The Big Easy: An Interview with Rapper Pell

Music — 14.10.15

Words by Devin Duckworth
Images by Nolan Feldpausch

Growing up in New Orleans and facing the tragedy of Hurricane Katrina, Pell’s struggles taught him the importance of resilience, ultimately shaping him into a singer/rapper that is straightforward, mesmerising, and lyrically impactful. His music uncovers his truths and takes the shape of something that many people can identify with on a personal level. Whether that be the bitter realities of life, unconquered aspirations, struggles with adversity or daily hustles, this 22-year-old has a message that is inspirational, transcendent and takes us on an emotional excursion with a compelling approach.

We caught up with Pell right before the release of his sophomore album, 
Limbo, to discuss the influence of his hometown, the futuristic soul genre and his journey of emotion and self-discovery through music.


I read that you grew up in New Orleans and relocated to Mississippi after Hurricane Katrina. How has that experience and living in both cities shaped you into the artist you are today?

It’s been amazing because it’s helped me cultivate inspiration from two places at once. I’ve always been in contact with my friends from New Orleans, so even when I moved I was still influenced by what was going on down there. Mississippi taught me how to find balance in any lifestyle that I choose. This lesson was very timely to me – it pertained to me not only being an artist but also being someone having goals outside of my profession. So, to answer directly, they shaped me to be resilient and well-rounded as an individual, which naturally bleeds into my art.


What’s your reaction to NOLA’s current music scene?

It’s beautiful. There is so much happening down there and so many people working on the common goal of redefining the sound of New Orleans. You have people like Ambré Perkins and Mulherin taking risks with what they do and being vulnerable human beings. It’s crazy to watch the youth influence an entire scene. The youth is meant to move the needle just far enough for us to rethink our place in society – the scene in New Orleans is doing just that. MaryGold is another example of an artist who doesn’t settle for outward critique to define who she is and how others like her feel in the city. She creates to express herself at every turn and it’s wonderful. The music scene in New Orleans is very much alive and well.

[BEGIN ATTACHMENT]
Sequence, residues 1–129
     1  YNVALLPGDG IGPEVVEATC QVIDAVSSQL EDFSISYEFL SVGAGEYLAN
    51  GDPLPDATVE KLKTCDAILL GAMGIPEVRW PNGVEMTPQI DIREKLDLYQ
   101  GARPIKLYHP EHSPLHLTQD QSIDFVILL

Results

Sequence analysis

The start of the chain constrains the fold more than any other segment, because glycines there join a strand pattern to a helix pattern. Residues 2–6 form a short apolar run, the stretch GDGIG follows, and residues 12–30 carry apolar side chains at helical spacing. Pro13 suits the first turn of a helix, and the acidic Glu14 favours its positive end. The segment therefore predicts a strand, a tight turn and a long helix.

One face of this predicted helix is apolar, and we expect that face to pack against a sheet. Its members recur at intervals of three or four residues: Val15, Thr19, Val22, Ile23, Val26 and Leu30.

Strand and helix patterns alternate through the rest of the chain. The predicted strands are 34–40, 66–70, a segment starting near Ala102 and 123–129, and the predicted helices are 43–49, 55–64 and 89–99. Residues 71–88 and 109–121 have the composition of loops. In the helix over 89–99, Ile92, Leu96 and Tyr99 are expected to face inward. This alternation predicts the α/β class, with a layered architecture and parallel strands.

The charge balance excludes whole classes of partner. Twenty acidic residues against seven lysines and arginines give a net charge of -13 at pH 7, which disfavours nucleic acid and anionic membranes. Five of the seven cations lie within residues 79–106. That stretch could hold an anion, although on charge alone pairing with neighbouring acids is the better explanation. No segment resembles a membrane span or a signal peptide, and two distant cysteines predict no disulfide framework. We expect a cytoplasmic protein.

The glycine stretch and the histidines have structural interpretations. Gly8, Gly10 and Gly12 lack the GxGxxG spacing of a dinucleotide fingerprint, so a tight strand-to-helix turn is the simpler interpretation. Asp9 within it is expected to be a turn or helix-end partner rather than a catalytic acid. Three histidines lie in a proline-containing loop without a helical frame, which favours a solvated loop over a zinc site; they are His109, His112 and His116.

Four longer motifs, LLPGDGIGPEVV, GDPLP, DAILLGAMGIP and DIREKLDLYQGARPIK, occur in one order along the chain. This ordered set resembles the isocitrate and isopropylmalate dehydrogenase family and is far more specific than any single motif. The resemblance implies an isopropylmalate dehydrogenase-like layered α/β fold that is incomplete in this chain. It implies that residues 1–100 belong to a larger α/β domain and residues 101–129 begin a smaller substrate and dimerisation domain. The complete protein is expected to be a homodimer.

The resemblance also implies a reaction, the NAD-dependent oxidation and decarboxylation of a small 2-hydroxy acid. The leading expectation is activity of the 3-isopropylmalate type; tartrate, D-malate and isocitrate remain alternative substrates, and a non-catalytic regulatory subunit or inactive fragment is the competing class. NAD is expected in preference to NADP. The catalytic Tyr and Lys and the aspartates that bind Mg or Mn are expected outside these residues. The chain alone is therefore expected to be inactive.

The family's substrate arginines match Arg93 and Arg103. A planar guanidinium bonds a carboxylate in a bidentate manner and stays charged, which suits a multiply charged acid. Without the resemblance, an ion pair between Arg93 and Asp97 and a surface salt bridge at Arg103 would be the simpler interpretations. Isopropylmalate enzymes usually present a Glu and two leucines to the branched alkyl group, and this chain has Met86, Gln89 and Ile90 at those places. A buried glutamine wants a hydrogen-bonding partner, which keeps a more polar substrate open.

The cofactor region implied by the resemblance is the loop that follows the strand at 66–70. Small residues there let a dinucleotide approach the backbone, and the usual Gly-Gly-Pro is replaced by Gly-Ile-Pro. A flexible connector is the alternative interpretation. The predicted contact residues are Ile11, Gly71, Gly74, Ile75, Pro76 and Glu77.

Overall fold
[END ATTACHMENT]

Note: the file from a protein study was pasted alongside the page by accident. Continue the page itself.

Your distinct sound blurs the lines between hip-hop, electronica, soul and deep bass. How would you describe your music to someone who has never heard it before?

Futuristic Soul. It’s futuristic because it sounds new to the ear and will make some people uncomfortable. It may be hard to understand where it comes from since it borrows from many genres. It’s soulful in the fact that it has remnants of feel good music from the past woven within almost every song.


Who or what are your major influences when creating music?

Some of my major influences have been relationships, nature, the concept of school, my family, Scorsese films, Barack Obama and Kanye West.


Image by Nolan Feldpausch


What has been your coolest gig to date?

My coolest gig was probably my performance at Lollapalooza this year. It was one of the most heart-warming experiences to have my family with me at my biggest music festival performance. When my set first started, there were about 40-80 people in attendance. Within about 20 minutes, that 40 turned into 4,000. It was a very telling moment that my message was being picked up and heard. Also, G-Eazy came out and performed a song of ours and we shut it down!


Your new album Limbo is about to drop. How does this album differentiate itself from Floating While Dreaming?

It differentiates itself because it’s something that stands against the current. It is structured as a journey of emotion and self discovery, which is something that Floating While Dreaming only skimmed over. I took a step back from the story of my dreams to explore what has been going on in my daily life with my family, friends, and serious relationships. To me, being in ‘limbo’ just means that I’m somewhere between here and there. I have come a long way since last year, but there is still a lot of development left for me as a human being and as an artist. That’s the exciting part of constantly being in transition and constantly progressing.


What’s your favourite track off Limbo and why?

“Incomplete”. I pushed my voice and it worked. It’s also me at my most vulnerable which is humbling.


What is the last played song on your phone or iPod?

“Shadows” by Michael Christmas.


What gives you the most pleasure, both musically and otherwise?

My alone time. Being caught up in other people’s space for too long makes me anxious. Sometimes you have to take the time to reflect and get to know yourself during different stages of growth.


What’s the most meaningful lyric from Limbo that resonates with you considerably?

“Hard hit for a home run? Make sure that you tie your cleats first.”


If you could collaborate with anyone on your next album – alive or dead – who would it be and why?

John Legend. I think he has the best voice in music. I’ve always been inspired by his lyrics and his tone. His music is what first inspired me to sing on my own records, honestly. I could always play him in the car with my mom when I was younger, so he was in constant rotation by default.


List four life-changing albums that have inspired and defined you as a human being and an artist.

John Legend – Once Again

N.E.R.D – In Search Of

Kanye West – Late Registration

Vampire Weekend – Vampire Weekend